Ever had an upset stomach or other gastrointestinal issues before a test, a first date, or a job interview? You’re not alone–for some, this is such a regular occurrence that they anticipate these events and pack extra Pepto-Bismol or locate the nearest restroom in advance.
Medical experts have long thought that excess stress may worsen underlying gastrointestinal issues. The good news: There are a number of effective strategies for dealing with these troublesome symptoms.
Irritable bowel syndrome (IBS) is a disorder of the colon that can cause cramping, abdominal pain, bloating, gas, diarrhea, and constipation. Unlike more severe intestinal diseases such as ulcerative colitis and Crohn’s disease, IBS doesn’t cause inflammation or changes in bowel tissue or increase your risk of colorectal cancer.
Not all IBS cases are stress-related, but in many cases, it’s possible to control irritable bowel syndrome by managing your diet, lifestyle, and stress. However, it’s important to discuss your concerns with your health care provider to confirm you don’t have another underlying medical disorder causing these symptoms.
The Stress-IBS Link
The directional relationship between stress, anxiety, and IBS hasn’t been clearly established, but research indicates that they often co-exist. There are two primary theories about how the relationship functions. One is that stress and anxiety may make you hyperaware of spasms in the colon, potentially worsening your experience with these symptoms. Another theory is that IBS may be triggered by the immune system, which is affected by stress.
The human gut and brain are in constant communication. In prehistoric times, this relationship served us well: During times of imminent threat, the fight-or-flight response would kick in, and the stomach would react by either emptying immediately or holding on to its contents until the threat was over.
Today, despite the fact that our day-to-day stressors aren’t the momentary, potentially lethal threats our ancestors faced, we’re still wired the same way. Our “predators” aren’t the occasional large carnivores; they’re ever-present things like deadlines, performance reviews, and busy schedules. This constant stress and anxiety can result in chronic gastrointestinal issues.
Where to Turn for Help
A nutritionist or naturopathic doctor may be able to help resolve or reduce IBS symptoms, and can discuss the potential benefits of nutrition and supplementation. These health care providers may also help you identify possible dietary triggers to be aware of. In addition, there are some other steps you can take to positively impact how your brain and gut communicate, including cognitive behavioral therapy (CBT) for irritable bowel syndrome, and learning how to manage symptoms on your own.
Cognitive Behavioral Therapy for IBS
Although experts don’t know what causes anxiety to trigger stomach pain, discomfort, diarrhea, and constipation, effectively managing emotional reactions seems to ease symptoms. CBT helps users identify thoughts and behaviors that affect the gastrointestinal system, and understand how, in turn, the gastrointestinal system affects mood. In addition, CBT equips users with coping techniques to manage these unhelpful thoughts and behaviors with the goal of reducing IBS symptoms.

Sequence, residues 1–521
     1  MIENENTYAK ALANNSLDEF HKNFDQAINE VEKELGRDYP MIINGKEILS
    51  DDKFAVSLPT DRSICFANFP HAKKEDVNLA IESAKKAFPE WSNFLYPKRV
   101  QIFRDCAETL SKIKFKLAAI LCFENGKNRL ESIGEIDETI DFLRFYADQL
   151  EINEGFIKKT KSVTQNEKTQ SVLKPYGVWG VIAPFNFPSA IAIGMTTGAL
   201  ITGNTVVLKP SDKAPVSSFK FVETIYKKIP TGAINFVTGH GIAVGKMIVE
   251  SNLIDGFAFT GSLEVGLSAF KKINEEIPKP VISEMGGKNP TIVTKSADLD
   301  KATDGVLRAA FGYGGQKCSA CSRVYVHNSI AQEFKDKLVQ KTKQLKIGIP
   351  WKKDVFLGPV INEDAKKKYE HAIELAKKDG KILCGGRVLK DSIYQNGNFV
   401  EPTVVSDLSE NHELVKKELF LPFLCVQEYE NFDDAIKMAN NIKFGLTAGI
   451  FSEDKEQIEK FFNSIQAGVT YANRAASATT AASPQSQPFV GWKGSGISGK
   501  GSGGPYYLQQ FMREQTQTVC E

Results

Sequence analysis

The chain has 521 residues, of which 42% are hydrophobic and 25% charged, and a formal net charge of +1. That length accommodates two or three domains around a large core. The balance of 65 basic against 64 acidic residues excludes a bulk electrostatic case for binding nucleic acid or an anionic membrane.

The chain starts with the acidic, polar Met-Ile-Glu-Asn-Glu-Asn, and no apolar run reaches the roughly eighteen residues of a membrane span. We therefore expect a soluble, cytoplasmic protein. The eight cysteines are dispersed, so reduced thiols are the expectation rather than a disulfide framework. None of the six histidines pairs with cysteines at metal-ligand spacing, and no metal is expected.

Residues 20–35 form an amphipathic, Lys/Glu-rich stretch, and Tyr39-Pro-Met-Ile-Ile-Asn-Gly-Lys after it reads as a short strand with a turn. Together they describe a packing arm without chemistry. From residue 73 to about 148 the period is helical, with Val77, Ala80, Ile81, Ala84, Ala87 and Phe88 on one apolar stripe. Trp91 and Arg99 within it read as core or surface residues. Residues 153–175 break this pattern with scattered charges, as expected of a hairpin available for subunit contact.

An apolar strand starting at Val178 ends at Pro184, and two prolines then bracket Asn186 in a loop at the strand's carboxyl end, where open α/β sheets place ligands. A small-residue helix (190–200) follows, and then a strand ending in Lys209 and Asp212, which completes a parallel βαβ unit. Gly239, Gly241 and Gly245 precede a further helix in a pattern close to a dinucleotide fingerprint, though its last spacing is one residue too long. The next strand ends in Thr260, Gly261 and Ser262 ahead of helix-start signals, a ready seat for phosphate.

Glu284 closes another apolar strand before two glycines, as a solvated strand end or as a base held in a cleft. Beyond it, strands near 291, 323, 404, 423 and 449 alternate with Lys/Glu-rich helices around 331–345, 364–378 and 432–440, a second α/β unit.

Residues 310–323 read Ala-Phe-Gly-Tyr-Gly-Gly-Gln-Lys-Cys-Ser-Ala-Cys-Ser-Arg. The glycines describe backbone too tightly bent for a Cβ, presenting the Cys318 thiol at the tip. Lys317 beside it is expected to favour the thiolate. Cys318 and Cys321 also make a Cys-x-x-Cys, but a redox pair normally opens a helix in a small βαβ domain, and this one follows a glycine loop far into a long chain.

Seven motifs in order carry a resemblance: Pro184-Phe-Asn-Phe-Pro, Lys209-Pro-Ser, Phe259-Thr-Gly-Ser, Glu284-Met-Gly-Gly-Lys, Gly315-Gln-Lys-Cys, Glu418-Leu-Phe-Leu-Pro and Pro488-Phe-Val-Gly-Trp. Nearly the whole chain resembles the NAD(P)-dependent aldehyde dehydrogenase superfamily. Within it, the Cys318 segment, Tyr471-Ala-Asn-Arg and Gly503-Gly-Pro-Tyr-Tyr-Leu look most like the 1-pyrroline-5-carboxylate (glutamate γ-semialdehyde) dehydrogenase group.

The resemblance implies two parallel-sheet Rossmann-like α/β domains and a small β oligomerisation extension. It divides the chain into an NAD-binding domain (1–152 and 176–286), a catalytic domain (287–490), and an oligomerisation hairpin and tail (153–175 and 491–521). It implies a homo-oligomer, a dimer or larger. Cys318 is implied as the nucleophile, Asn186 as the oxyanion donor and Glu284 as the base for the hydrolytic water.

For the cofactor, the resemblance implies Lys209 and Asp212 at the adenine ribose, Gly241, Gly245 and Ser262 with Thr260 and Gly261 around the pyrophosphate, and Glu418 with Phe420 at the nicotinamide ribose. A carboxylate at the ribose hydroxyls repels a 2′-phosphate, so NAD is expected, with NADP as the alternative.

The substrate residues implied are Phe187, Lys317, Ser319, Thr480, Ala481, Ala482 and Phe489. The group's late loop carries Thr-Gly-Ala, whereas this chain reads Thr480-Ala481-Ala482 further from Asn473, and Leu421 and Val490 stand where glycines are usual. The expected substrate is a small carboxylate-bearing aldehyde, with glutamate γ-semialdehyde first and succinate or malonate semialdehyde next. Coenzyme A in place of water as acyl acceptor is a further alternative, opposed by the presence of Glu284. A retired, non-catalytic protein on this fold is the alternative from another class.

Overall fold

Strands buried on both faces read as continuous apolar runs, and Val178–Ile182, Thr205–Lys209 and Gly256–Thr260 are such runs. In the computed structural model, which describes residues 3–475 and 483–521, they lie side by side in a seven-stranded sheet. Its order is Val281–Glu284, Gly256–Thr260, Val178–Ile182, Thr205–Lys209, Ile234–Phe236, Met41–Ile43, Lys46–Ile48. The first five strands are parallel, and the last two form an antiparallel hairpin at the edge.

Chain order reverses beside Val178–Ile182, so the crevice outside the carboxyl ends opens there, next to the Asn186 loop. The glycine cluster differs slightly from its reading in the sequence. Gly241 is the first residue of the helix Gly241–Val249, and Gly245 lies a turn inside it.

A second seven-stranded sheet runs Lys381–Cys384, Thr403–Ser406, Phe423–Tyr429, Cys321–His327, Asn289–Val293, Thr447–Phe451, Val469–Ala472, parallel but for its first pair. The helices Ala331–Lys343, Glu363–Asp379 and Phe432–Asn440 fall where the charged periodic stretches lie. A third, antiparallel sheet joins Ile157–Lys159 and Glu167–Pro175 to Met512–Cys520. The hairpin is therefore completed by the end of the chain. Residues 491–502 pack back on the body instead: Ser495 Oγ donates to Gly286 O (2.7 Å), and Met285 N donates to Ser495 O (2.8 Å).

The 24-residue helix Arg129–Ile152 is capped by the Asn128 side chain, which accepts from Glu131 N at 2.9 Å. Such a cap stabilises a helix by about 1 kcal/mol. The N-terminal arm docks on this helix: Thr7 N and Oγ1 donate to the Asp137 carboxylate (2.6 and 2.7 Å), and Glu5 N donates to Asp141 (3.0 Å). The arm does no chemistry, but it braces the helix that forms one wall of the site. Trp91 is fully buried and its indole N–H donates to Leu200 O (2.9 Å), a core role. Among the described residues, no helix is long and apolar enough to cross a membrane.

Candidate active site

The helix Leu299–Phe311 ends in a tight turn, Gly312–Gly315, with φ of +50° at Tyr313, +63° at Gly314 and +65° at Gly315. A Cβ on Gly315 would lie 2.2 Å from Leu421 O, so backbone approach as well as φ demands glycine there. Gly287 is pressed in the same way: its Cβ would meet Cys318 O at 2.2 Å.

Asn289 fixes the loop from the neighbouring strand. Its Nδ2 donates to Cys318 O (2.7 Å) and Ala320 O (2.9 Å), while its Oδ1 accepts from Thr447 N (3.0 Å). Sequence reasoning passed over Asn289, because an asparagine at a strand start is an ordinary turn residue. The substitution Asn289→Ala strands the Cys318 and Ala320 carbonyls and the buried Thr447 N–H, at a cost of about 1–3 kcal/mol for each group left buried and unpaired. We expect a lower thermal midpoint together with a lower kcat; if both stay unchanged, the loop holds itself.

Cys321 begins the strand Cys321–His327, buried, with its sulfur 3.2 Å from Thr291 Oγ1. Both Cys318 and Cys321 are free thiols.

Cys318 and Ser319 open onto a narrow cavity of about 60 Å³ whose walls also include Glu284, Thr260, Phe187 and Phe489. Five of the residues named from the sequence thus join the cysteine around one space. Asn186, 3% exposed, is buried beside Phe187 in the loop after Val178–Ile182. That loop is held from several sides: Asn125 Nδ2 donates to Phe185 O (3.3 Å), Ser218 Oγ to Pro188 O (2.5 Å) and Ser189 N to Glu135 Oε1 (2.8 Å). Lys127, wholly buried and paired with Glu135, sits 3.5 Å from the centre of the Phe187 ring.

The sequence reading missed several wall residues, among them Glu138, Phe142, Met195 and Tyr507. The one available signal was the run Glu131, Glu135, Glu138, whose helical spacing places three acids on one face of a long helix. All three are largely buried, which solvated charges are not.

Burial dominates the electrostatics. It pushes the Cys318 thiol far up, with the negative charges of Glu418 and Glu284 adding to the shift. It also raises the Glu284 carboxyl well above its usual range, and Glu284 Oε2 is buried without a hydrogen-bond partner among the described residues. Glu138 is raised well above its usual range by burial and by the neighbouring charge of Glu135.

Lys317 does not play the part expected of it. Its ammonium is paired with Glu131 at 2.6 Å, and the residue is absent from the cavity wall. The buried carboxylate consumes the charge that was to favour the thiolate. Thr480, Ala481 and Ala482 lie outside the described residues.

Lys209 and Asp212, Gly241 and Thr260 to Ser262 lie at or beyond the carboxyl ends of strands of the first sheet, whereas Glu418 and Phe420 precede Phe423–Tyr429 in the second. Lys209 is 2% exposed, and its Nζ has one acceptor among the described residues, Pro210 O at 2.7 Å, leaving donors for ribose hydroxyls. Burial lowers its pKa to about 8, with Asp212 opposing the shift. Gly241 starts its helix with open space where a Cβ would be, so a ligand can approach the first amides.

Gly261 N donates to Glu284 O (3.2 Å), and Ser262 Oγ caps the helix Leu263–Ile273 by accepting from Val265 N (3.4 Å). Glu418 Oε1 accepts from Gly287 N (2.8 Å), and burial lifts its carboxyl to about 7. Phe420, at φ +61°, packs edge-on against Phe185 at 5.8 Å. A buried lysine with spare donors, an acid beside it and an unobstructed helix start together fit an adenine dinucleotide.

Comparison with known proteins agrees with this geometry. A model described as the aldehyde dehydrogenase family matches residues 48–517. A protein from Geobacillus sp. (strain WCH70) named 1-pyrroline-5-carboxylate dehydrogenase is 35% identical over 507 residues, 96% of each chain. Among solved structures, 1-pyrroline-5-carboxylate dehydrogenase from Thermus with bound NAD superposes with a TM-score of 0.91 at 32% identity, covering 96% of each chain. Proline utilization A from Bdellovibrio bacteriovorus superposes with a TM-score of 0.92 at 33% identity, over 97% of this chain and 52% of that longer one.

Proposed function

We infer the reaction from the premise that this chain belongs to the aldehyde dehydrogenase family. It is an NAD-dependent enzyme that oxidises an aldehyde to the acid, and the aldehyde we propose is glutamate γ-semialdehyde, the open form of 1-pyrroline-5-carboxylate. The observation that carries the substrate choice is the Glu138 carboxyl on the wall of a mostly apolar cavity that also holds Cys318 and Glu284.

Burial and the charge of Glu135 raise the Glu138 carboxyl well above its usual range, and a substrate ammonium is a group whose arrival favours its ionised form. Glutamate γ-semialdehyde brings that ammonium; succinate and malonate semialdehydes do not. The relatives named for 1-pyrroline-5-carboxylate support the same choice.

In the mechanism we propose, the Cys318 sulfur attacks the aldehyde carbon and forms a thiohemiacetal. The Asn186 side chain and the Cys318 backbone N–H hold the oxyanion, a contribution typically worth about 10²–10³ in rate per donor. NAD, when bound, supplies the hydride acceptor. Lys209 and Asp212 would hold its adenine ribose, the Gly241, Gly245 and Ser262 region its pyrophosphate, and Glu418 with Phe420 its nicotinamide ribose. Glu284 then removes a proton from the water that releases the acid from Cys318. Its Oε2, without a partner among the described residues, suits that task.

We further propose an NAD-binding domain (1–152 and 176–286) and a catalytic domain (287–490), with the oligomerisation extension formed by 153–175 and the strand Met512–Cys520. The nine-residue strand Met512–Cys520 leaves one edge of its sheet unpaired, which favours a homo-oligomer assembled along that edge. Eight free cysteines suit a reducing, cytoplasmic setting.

Relaxation exercises and calming self-talk are two CBT coping techniques that may help. These exercises enable users to actively lessen the stress response, thereby reducing the gut changes that occur in response to thoughts and feelings. For example, when you breathe deeply or use calming self-talk to quell anxiety, you send a message to your body that there is no crisis. This reduces the effects of the body’s natural stress response on your digestive system, helping to ease symptoms. Breathing deeply also can lessen anxiety and may help reduce pain.
How to Be Prepared for Future IBS Attacks
Once you’ve had a bad IBS attack, it’s very common to be worried about having another one. You may find that you go on alert, scanning your body for signs and symptoms. Unfortunately, anxiety about future attacks may actually increase your chances of having one. To deal with this:
- Remain calm in the face of early symptoms. Try different coping techniques until you find what is most effective for you.
- Keep a symptom diary. This can help you identify possible patterns related to your attacks. For example, if you know you’re more likely to experience attacks in the morning, you can plan your day accordingly (e.g., ensuring you know where the nearest restroom is).
- Practice regular stress management activities.
- Be wise about what you eat. It’s important to be aware of dietary sensitivities that may trigger an attack. Common trigger foods include dairy, gluten, and caffeine. Know your triggers, and avoid or reduce your intake accordingly.
While the relationship between stress and gastrointestinal issues is still unclear, understanding how stress affects you can help you be prepared by developing a variety of coping strategies.
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